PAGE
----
Aylmer Vs. Nature

1823 Words8 Pages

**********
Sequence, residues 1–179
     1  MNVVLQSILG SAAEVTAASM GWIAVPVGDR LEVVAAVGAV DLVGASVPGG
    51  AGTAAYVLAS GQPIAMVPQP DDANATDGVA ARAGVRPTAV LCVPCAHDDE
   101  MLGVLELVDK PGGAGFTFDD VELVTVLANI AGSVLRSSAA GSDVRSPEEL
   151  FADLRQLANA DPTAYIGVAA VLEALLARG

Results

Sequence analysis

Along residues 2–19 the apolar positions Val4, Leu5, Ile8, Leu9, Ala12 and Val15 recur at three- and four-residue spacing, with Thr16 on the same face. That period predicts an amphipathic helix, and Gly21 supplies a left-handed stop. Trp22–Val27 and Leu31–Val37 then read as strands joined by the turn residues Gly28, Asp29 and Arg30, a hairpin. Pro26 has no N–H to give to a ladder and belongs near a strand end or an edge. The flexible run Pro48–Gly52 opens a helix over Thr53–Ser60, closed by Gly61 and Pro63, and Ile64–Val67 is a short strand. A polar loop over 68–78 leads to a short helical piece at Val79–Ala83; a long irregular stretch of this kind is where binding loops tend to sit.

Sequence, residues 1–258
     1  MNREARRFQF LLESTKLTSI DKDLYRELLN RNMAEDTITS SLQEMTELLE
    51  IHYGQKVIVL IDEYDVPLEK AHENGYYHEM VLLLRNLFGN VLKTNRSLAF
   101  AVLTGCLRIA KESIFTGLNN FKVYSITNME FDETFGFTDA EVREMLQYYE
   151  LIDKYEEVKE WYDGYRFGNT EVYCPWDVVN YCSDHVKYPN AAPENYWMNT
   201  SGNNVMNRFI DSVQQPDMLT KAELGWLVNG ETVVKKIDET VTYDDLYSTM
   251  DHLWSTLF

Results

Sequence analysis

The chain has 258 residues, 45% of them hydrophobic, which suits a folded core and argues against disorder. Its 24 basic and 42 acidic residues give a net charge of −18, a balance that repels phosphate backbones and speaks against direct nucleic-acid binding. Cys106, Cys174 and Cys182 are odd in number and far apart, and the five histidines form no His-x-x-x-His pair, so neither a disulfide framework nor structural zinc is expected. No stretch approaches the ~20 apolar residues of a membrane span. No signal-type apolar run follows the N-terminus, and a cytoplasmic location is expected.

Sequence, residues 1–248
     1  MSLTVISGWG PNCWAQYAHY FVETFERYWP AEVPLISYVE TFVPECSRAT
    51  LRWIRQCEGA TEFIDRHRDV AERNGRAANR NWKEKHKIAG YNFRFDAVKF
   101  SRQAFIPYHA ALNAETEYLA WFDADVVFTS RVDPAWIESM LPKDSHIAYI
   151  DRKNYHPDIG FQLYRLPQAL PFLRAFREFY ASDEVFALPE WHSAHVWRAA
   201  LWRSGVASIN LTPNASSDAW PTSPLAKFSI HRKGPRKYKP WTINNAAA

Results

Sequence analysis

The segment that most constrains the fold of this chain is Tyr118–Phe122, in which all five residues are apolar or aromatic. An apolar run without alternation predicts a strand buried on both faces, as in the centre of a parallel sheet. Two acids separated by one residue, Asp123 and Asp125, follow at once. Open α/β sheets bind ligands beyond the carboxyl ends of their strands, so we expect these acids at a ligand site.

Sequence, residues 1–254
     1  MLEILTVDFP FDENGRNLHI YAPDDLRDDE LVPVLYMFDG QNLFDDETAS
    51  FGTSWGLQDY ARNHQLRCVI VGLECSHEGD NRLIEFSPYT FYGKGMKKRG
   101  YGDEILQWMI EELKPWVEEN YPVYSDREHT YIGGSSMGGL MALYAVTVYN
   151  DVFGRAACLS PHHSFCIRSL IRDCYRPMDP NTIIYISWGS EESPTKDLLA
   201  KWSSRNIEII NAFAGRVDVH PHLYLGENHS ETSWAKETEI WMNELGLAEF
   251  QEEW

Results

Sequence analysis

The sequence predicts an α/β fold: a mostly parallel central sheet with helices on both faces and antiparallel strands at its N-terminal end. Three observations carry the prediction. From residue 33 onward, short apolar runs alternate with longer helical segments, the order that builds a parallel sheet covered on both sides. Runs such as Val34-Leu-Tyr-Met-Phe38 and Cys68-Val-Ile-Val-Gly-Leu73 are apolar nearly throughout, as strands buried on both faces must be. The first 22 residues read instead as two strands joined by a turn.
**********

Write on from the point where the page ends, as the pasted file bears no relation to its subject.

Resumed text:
The allegorical subjects, Science and Nature, are rivaled against each other amongst the multitude of themes in “The Birthmark” by Nathaniel Hawthorne. These contrasting concepts represent themselves through the characters Aylmer, Georgiana, and Aminadab who are influenced by the enigmatic symbol of the birthmark in which they aim for its extermination. The male protagonist, Aylmer, is a man of science. His role in the realm of scientific spirituality is aspiring towards what is naturally impossible: the removal of the birthmark. Even though the birthmark may vanish superficially, the obstacle in its eradication is the symbol Aylmer foreshadows as “sin, sorrow, decay and death,”(Hawthorne) nestled within the soul Nature supplies. These attributes Aylmer classifies toward the birthmark are reflected upon himself. He commits the sins of Greed and Wrath through his excessive lust to control nature and his irrepressible hatred against the birthmark. In continuation of this, his desire in the conquest over nature is demonstrated through the selection of his books and his past science experiments he shows Georgiana in the boudoir. For example, in his possession are various miracle concoctions like the cosmetic that permanently removes freckles or the Elixir of Immortality, Aylmer claims, can kill any accepting individual with a trivial measurement. “It is the most precious poison that ever was concocted in this world. By its aid, I could apportion the lifetime of any mortal at whom you might point your finger.” (Hawthorne) Artfully, he names it the Elixir of Immortality when instead it brings mortality to an end. With only his knowledge of what the lethal amounts are, he withholds power over any person of wealth o... ... middle of paper ... ..., I’d never part with that birthmark.” signifying Aminadab’s awareness of the value that will be lost if the symbol were to be removed. Humans are perfect from creation are born with flaws that foreshadow their finite existence. It is established that what is completely perfect cannot exist in the mortal realm. Works Cited Hawthorne, Nathaniel. “The Birth-mark.” Mosses From an Old Manse.Web. July 2011. Rucker, Mary. “Science and Art in Hawthorne’s ‘The Birth-mark’.”Ninteenth Century Literature. University of California Press, 1987. p.446. JSTOR Web. July 2011. Thompson, W.R. “Aminadab in Hawthorne’s ‘The Birthmark’.” Modern Language Notes. The John Hopkins University Press/JSTOR, 1955. p.413-415. JSTOR. Web. July 2011. “Vascular Birthmarks”. Health A-to-Z. President and Fellows of Harvard College. 2007. Health and Wellness Resource Center. Web. July 2011.
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